Mark V Wilson said at February 1, 2010 11:07 PM:

I recommend this website for a ground up empirical approach by someone with similar questions as yours:

http://homeclimateanalysis.blogspot.com/

goodspkr said at February 2, 2010 3:26 AM:

The decrease in water vapor would be expected if Ferenc M. Miskolczi is correct. Dr. Miskolczi has proposed The Saturated Greenhouse Effect which says that we are at an equilibrium in our greenhouse gases. The new theory implies that adding CO2 to the atmosphere would reduce the relative humidity, contrary to climate model assumptions. If Miskolczi is correct, the entire AGW theory is invalidated.

You can read about it here
http://www.friendsofscience.org/assets/documents/The_Saturated_Greenhouse_Effect.htm

AMac said at February 2, 2010 5:56 AM:

Er -- why'd this post attract so much interest? It's super-excellent of course, but so are many other of our host's musings.

BJ said at February 2, 2010 6:18 AM:

Randall, Bob, et al: A good book describing how very long-term solar and galactic cycles affect solar radiation hitting the earth's atmosphere, which in turn affects water vapor in the atmosphere, which in turn affects surface temperatures (depending on whether the water vapor accumulates at high or low altitudes), is: The Chilling Stars, 2nd Edition: A Cosmic View of Climate Change - Paperback (Aug. 25, 2008) by Henrik Svensmark. Provides a low-key, scientific approach, without climate change hysterics (pro or con).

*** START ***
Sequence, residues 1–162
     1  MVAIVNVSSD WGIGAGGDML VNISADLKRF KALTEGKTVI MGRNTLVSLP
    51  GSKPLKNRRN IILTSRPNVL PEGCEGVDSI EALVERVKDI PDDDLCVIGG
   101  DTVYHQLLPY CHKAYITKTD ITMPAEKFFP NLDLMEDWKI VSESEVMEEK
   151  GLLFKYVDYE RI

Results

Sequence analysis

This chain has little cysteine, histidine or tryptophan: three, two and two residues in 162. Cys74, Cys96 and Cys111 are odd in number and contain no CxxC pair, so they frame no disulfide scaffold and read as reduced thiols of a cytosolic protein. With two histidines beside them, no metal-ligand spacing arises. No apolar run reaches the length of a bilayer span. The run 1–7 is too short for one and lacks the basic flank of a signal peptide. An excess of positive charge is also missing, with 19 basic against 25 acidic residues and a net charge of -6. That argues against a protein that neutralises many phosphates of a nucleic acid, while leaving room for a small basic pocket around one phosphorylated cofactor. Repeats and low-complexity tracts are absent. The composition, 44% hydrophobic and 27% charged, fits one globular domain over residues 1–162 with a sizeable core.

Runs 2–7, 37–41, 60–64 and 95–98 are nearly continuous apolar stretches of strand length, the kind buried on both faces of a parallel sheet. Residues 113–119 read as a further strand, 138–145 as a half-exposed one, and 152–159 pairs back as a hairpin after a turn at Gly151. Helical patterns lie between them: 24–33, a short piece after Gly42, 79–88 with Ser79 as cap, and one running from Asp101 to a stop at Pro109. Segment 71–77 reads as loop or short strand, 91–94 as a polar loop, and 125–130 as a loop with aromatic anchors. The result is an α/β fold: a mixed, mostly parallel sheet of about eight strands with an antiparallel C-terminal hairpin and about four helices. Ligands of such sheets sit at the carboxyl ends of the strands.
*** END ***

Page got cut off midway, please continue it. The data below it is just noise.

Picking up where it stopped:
AnotherPuzzledScientist said at February 2, 2010 7:12 AM:

I'm a scientist, although not a climate scientist. I find that Watts Up with That (wattsupwiththat.com) and Roy Spencer's site (www.drroyspencer.com)
pass scientific muster yet are written so (I think) most folks can understand.

th said at February 2, 2010 2:46 PM:

geez, I thought the science was settled.

Haraza said at February 2, 2010 7:17 PM:

Nick G: "things are very unsettling. Most people aren't thinking for themselves"

'Global Warming is true! 98% of scientists agree! The time for debate is over! Shut up, you deniers!'

Ben Albahari said at February 2, 2010 10:38 PM:

This is a wiki compilation of experts opinions and arguments on the global warming issue:

http://www.takeonit.com/question/5.aspx

For a complex issue, the website works by breaking a question down into more specific questions, which in turn, can be broken down into even more specific questions. The resulting hierarchical structure forms an argument map for a complex issue.

Random physicist said at February 5, 2010 10:05 AM:

If you really want to learn something about climate science read Spencer Weart's "History of Global Warming":
http://www.aip.org/history/climate/index.html